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“Yes, we should be slow to judge others. Trust more and judge less, Nanea. That is the aloha spirit,” Tute Kane –The Legend of the Shark Goddess
The Legend of the Shark Goddess: A Nanea Mystery
American Girl Mystery
by Erin Falligant
Ever since the war started, Nanea has done her best to follow all the new rules. When she meets a boy named Mano in her grandparents’ market, Nanea is shocked to hear him admit to breaking some rules—and bragging about getting away with it.
When things start to go missing from the market, Mano is the first person Nanea suspects. Nanea is determined to protect her grandparents, but Mano, whose name means “shark” in Hawaiian, seems to be hanging around the market more and more. What can Nanea do to keep her family safe from this dangerous boy?
Nanea’s story focuses on the effects of World War II in 1941. In a kid-friendly way, The Legend of the Shark Goddess illustrates some of the discrimination that Japanese Americans faced. Even though the story takes place after the bombing of Pearl Harbor, the story also revolves around Nanea’s efforts to discover who is stealing from her family. As the mystery evolves, Nanea realizes it is difficult to tell if someone is a “good shark or a bad shark.”
Nanea is obsessed with following the rules, which is one reason she focuses on her first impressions of others. For example, when Nanea meets Mano, she is convinced he is the thief because he breaks curfew. Nanea is so focused on proving that Mano is a thief that she never really considers that anyone else could have taken the items. While most of the suspects are not well developed, the story provides enough mystery to keep readers entertained.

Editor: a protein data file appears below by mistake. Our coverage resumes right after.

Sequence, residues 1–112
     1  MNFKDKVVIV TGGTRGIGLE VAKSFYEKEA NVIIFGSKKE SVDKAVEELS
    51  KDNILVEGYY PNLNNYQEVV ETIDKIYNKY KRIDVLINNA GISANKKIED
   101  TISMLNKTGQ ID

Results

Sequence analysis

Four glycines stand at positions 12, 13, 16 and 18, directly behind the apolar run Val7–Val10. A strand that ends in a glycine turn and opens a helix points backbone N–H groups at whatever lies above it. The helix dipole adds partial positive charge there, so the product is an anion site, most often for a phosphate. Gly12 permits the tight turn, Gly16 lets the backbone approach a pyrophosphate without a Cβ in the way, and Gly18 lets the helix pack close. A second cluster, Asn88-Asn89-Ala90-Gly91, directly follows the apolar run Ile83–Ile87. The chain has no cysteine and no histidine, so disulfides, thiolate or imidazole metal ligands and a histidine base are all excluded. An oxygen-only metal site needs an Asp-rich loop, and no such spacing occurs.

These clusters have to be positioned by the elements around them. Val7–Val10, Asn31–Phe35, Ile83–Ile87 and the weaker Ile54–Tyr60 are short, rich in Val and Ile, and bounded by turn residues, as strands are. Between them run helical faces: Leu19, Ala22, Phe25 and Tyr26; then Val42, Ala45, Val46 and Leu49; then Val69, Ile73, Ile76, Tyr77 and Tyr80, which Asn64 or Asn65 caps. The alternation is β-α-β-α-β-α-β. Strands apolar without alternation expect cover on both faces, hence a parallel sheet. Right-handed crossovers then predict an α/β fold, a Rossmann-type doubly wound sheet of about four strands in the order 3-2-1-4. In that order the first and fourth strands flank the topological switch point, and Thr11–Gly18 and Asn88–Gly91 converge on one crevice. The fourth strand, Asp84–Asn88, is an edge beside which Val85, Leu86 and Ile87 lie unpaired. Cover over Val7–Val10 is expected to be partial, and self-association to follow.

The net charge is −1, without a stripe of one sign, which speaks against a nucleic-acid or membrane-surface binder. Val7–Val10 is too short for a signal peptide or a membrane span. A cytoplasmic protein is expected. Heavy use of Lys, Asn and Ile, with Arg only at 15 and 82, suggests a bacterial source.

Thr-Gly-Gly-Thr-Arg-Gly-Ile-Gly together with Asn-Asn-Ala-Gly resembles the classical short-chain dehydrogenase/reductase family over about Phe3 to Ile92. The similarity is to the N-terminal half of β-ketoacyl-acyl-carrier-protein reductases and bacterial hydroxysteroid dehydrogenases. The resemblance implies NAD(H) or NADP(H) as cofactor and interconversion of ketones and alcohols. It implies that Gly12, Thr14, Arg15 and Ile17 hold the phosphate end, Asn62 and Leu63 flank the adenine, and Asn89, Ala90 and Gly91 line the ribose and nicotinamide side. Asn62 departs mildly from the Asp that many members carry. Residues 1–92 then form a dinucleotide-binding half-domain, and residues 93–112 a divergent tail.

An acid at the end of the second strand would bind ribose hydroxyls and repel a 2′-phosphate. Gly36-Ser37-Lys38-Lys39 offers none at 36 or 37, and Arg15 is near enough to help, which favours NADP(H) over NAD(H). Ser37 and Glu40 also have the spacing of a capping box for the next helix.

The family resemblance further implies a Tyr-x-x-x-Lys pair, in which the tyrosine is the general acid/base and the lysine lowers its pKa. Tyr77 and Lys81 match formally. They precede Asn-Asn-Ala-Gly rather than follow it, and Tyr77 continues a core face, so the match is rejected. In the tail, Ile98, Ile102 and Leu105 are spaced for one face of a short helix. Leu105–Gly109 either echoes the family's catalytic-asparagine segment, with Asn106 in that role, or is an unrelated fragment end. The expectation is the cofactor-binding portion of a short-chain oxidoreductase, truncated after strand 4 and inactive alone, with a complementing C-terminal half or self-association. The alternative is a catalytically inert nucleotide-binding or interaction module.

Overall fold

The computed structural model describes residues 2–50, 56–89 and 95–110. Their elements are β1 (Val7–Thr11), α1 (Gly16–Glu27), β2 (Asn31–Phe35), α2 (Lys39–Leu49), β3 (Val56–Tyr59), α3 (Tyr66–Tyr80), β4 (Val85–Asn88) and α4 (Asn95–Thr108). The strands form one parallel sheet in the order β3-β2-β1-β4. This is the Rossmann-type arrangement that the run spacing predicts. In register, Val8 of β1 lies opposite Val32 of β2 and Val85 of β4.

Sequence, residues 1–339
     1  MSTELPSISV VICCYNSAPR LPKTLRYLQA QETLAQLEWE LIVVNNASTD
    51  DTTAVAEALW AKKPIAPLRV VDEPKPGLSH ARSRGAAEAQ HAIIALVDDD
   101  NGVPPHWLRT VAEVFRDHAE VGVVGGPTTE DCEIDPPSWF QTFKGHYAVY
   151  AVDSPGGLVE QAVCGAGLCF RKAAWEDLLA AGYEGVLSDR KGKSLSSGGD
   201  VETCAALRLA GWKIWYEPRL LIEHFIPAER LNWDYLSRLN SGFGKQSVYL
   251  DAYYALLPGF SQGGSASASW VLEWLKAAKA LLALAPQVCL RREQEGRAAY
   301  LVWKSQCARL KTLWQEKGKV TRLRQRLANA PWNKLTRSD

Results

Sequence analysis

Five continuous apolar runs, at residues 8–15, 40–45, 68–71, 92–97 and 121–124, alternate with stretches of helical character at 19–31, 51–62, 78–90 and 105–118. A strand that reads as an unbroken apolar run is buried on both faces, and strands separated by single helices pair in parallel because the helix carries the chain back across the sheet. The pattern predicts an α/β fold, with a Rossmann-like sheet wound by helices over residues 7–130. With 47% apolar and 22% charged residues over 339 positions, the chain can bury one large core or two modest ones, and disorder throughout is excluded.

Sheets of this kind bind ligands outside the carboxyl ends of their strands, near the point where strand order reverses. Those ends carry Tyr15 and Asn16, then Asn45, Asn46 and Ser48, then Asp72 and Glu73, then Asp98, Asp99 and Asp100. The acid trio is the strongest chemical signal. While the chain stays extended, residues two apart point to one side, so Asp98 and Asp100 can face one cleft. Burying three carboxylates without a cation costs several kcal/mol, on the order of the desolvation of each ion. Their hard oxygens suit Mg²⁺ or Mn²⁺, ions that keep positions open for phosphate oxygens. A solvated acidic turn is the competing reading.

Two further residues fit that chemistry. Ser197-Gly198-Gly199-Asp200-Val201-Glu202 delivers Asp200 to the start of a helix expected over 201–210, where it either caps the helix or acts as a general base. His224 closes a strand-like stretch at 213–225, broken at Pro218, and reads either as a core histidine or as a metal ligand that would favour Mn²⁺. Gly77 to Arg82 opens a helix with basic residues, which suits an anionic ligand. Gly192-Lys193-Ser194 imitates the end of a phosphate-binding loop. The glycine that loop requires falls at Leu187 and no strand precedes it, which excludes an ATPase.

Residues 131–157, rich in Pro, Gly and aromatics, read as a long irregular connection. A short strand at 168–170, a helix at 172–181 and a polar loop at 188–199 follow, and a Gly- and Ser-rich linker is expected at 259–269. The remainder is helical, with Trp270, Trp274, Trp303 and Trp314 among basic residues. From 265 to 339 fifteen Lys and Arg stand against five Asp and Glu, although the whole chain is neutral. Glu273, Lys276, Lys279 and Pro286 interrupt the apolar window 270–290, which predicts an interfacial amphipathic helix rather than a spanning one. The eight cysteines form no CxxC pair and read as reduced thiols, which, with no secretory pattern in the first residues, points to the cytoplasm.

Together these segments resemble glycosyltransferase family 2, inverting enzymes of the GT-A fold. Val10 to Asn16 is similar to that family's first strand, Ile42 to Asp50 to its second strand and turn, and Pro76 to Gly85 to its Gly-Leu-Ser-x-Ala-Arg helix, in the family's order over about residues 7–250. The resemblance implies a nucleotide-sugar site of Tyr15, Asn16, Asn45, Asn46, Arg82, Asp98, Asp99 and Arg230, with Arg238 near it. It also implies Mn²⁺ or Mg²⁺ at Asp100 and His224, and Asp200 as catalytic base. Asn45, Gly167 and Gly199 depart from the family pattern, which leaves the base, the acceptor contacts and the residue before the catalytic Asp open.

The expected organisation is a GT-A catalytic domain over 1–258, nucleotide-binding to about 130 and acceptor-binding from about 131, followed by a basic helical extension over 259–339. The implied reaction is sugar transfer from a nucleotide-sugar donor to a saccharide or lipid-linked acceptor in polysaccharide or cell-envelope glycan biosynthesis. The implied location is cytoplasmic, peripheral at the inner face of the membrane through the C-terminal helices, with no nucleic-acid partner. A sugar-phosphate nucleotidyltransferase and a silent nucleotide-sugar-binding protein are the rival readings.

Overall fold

The Legend of the Shark Goddess does an excellent job describing Hawaii during the 1940s. Readers will learn many facts about this time period as well as several life lessons. The story focuses on two main lessons: don’t spread rumors and don’t judge others. The repetition of the lessons is a little tedious, but the conclusion helps reinforce the story’s lesson in a surprising way.
Readers who love mysteries may be disappointed that Nanea doesn’t do much sleuthing and there are no clues to follow or riddles to solve. Instead, the story relies on Nanea’s impressions of others to build suspense. However, Nanea’s story is interesting and many middle school readers will relate to Nanea. At the end of the book, readers will find a glossary of Hawaiian words and facts about Nanea’s world. Even though The Legend of the Shark Goddess lacks mystery, readers will still enjoy spending time in Nanea’s world. Readers who like history with a dash of fantasy should also read The League of Secret Heroes by Kate Hannigan.
Drugs and Alcohol
- Nanea often thinks about the shark goddess Ka’ahupahau, “who guarded the entrance of Pearl Harbor with her brother, Kahi’uka. . . She was born a human with fire-red hair. But as a shark, her body could take many forms. She could become a net, difficult to tear. And with her net body, she captured man-eating sharks that entered her harbor.”